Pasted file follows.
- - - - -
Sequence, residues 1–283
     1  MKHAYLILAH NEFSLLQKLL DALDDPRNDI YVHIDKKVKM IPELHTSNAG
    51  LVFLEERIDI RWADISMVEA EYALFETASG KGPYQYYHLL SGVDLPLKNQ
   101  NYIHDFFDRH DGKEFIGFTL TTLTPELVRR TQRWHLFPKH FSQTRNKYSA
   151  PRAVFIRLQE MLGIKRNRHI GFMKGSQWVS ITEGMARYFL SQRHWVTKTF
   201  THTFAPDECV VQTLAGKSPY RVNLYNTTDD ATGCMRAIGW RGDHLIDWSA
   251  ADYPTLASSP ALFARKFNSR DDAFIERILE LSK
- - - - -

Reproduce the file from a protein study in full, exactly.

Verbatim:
Sequence, residues 1–283
     1  MKHAYLILAH NEFSLLQKLL DALDDPRNDI YVHIDKKVKM IPELHTSNAG
    51  LVFLEERIDI RWADISMVEA EYALFETASG KGPYQYYHLL SGVDLPLKNQ
   101  NYIHDFFDRH DGKEFIGFTL TTLTPELVRR TQRWHLFPKH FSQTRNKYSA
   151  PRAVFIRLQE MLGIKRNRHI GFMKGSQWVS ITEGMARYFL SQRHWVTKTF
   201  THTFAPDECV VQTLAGKSPY RVNLYNTTDD ATGCMRAIGW RGDHLIDWSA
   251  ADYPTLASSP ALFARKFNSR DDAFIERILE LSK